The first thing most mobile sites need to do is serve up different, more immediate, mobile content on the site's homepage. Sometimes, a mobile version of a site will need to serve fewer or different ads, move sidebar content below the main content to save space, etc. This can be accomplished to some degree with regions in your mobile theme, and mobile-only blocks. If you’re using the delightful Panels module for managing site page layouts, you can use the selection rule provided my Mobile Tools to serve content (views, nodes, blocks, or custom content you create) in different layouts to mobile users, on a per device basis - again, great for iPad only layouts. If you aren't hip to Panels yet, setting up mobile-only layouts is a good time to get hip to it. In general, Panels allows you to create custom page layouts, then serve those layouts based on certain criteria. With the Mobile Tools module installed, one of those criteria is "if the viewer is on a mobile device." You can see how this would quickly become awesome, at the very least for a custom, mobile only homepage.
  • What about images in the content?

    ImageField images If you use CCK’s Imagefield for images on content types, and ImageCache to resize them, Mobile Tools has got you covered for mobile image optimization. First, make new imagecache presets that are sized to work with your mobile layout, then visit the ‘display options’ for the content type in question. You’ll see Mobile Tools offers a new category called Mobile Device under “display fields,” Under mobile display fields, change the imagefield display formatters to your mobile-sized imagecache presets - and that’s it. Images embedded in node content If you have a ton of images embedded in node content, you’ll want to use the TinySrc module to filter and resize images upon mobile device detection.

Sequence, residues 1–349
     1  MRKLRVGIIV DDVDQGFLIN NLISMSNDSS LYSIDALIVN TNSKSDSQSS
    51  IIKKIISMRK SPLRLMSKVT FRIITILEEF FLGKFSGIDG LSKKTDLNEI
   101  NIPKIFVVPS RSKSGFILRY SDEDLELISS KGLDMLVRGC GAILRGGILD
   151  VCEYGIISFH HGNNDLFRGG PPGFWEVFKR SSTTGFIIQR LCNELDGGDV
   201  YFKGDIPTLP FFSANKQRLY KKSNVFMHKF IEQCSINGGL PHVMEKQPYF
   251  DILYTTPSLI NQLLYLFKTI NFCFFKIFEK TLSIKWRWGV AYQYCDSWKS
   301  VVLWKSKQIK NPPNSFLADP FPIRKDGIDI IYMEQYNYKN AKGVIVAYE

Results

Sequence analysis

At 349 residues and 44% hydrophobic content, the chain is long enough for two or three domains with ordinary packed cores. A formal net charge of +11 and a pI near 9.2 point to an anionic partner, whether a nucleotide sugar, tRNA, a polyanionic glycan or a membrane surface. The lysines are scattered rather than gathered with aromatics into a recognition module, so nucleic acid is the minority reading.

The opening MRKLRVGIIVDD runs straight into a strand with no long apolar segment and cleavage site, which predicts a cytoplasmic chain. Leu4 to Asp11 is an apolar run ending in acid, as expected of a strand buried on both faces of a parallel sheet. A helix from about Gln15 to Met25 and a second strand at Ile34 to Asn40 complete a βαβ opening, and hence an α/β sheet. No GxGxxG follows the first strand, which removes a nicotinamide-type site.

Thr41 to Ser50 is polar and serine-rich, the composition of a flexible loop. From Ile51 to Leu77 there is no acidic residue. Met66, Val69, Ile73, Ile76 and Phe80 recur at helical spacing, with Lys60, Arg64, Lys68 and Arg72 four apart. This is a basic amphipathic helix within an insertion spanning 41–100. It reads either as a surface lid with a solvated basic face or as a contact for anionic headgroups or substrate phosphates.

• What about video?

    Luckily, the top video hosting sites out there (YouTube, Vimeo, Dailymotion, Blip.tv) have included mobile device detection in their embedded players. They’ll serve up a mobile-optimized video for users on mobile devices, even if the embedding site doesn't do any mobile detection. This means, for the most part, if you use the bigger services, you don’t have to worry too much about filtering or resizing video for mobile.

Scenario Two: You’re making a new site and you want to take mobile into account.

This is a good situation to be in. If you’re starting from scratch on a new site, you can consider your mobile strategy before you begin. With a thoughtful responsive site design for your Drupal theme, you may be able to avoid mobile detection and theme switching altogether, which would be good for a number of reasons, not least of which is that mobile detection and redirection adds load time for a visitor. Responsive design is a term that's been bandied about for a while - all it means is a site design that responds to the environment in which it is being viewed. Usually this means it resizes and rearranges itself to fit the screen size. This is easier to demonstrate this in action than to explain, so check out the Media Queries gallery of responsively designed sites:

Media Queries

Resize your browser while looking at these sites, or look at them on a mobile device, and the way a responsive design works will become clear. This is the way forward for mobile design, though it only works in certain situations, it is one of the ways we're thinking about mobile design at Chapter Three.

A couple of other neat Drupal & Mobile things

If you're interested in integrating Drupal and iPhone apps, check out Kyle Browning's slides on creating iOS Applications that interact with Drupal
If you've seen the excellent jQuery Mobile interface, you are probably pretty psyched about it, because it is a great solution for app-like mobile site navigation. There is a Drupal module integrating jQuery Mobile it into Drupal 7. Whew! That was just a crash course - please feel free to comment and share any good Drupal + Mobile (Drobile?) tools you've found that I've missed here. I'm sure there are plenty. Happy mobile-ing!